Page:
“VisitScotland was the first European partner for our global launch. We launched the activity back in October as part of our beta testing. It’s all about letting TripAdvisor users know what the best-of-the-best is about Scotland. If you go onto our website then it’s easy to see what the best hotels are or what the best restaurants are, both in Scotland and in specific areas within Scotland.
“But there’s not a natural filter for ‘the ten best whisky trails’ or the ‘ten best walks in the Highlands’, for example. We’d have those reviews on the website, but what VisitScotland now has is the opportunity to put together collections based on its marketing themes and then combine them with the user-generated content – the actual reviews by actual people who have visited these places. Together, they create an overall message that says ‘These are what VisitScotland thinks are the best things about Scotland and then these are the reviews of those things by travellers like you’.”
The content that VisitScotland posts on the website comes under three headings: events, allowing it to promote activities such as the Royal Edinburgh Military Tattoo and link through to operators’ booking sites; collections, which feature lists of places to visit; and articles, which offer in-depth looks at specific topics.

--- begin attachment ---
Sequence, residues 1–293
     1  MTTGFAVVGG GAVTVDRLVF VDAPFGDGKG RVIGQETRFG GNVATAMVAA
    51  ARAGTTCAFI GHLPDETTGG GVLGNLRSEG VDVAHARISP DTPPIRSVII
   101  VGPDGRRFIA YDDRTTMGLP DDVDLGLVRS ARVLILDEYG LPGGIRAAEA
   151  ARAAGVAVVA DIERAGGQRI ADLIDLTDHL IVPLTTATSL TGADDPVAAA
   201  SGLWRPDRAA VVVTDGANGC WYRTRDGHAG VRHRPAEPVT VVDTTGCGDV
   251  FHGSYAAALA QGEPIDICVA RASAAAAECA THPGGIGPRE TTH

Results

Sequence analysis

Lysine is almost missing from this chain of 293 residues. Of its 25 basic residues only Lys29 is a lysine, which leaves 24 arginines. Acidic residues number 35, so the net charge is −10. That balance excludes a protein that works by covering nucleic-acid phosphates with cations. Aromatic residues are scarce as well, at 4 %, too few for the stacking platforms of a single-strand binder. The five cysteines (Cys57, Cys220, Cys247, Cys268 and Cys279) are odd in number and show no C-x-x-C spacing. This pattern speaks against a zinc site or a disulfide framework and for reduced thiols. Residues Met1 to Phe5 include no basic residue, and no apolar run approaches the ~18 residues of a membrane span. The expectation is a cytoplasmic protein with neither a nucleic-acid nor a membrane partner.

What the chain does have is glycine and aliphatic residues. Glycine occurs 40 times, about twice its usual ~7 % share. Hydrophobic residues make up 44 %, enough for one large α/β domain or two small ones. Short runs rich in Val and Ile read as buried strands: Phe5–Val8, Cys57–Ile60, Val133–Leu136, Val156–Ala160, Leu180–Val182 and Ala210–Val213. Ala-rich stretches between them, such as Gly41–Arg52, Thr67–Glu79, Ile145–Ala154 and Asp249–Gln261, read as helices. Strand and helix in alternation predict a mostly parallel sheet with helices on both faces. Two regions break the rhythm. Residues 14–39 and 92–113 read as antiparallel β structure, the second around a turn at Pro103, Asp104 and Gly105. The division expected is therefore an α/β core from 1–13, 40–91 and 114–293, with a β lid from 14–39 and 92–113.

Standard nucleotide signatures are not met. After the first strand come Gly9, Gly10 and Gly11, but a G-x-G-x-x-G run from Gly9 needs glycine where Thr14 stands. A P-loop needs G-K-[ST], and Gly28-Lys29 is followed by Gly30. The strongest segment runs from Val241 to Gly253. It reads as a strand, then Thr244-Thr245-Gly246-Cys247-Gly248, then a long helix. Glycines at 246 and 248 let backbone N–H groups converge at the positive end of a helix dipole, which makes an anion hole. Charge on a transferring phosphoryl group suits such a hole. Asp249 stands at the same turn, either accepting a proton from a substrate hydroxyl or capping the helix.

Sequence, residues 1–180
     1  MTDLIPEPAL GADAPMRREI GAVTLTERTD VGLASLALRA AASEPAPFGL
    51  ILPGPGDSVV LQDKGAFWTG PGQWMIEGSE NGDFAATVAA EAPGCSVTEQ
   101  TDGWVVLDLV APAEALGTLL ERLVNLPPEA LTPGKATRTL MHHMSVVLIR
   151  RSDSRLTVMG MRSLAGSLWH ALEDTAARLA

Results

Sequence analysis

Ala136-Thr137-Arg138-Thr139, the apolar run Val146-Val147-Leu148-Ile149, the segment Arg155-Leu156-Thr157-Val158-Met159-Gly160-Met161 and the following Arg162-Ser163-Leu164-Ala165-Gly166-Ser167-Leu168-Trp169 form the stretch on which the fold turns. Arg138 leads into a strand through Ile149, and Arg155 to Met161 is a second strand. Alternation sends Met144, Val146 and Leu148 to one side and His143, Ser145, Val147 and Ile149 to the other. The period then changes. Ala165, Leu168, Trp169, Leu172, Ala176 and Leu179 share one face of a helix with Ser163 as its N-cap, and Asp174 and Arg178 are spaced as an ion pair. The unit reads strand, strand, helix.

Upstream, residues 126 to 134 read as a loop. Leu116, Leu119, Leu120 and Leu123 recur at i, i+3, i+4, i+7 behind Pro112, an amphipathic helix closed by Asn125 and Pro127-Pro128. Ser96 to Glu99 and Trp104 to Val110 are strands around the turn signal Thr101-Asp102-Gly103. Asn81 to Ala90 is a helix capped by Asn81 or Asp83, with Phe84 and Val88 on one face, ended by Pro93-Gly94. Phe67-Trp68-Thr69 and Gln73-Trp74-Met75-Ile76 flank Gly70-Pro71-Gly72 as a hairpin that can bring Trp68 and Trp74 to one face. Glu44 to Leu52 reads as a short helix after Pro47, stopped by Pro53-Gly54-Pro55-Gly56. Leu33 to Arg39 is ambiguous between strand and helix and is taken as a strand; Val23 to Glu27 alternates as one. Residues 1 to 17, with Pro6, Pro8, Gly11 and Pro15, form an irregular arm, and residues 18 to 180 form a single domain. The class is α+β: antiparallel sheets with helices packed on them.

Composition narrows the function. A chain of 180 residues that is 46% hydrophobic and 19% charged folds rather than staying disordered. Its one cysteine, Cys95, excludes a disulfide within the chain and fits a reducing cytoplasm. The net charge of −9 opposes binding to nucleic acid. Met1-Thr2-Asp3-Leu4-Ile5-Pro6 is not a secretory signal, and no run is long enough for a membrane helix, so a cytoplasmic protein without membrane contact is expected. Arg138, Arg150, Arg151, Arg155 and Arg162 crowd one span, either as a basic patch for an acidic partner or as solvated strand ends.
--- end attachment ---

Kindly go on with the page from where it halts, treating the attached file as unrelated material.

Collections already posted on the website include ‘Literary Scotland’, a selection of ten writing-related sites to visit, such as Abbotsford House near Melrose, JM Barrie’s birthplace in Kirriemuir, and the Mitchell Library in Glasgow. The ‘Unesco World Heritage Site’ collection profiles all six locations in Scotland, including the Forth Bridge, New Lanark and St Kilda, while the ‘Castles’ collection goes beyond the obvious suggestions of Edinburgh and Stirling to feature ten lesser-known sites, such as Cawdor Castle near Nairn, Drumlanrig Castle near Thornhill, and Floors Castle near Kelso, Scotland’s largest inhabited mansion.
Articles written by VisitScotland include: a profile of Robert Burns, Scotland’s national bard; a travelogue featuring the newly-reopened Borders railway; and a look at film and television locations north of the Border, ranging from Harry Potter and Skyfall through to Katie Morag and Outlander. New behind-the-scenes features added to the website in February mean that VisitScotland can now take control of updating its content, so that last-minute events like an unexpected comet or good visibility of the Aurora Borealis or northern lights can be flagged up to potential visitors. The agency can also see live data on which articles, collections and events are proving most popular with which audiences, including which content is appealing to potential visitors from which countries.
“For example, it could be that the whisky trails are proving the most popular content with users from other parts of the UK, while the German users are more interested in the wider food and drink offering or the Unesco sites are going down well with the French,” explains Reid. “VisitScotland is then able to tailor content for those specific audiences or produce more content for themes that are proving to be really popular.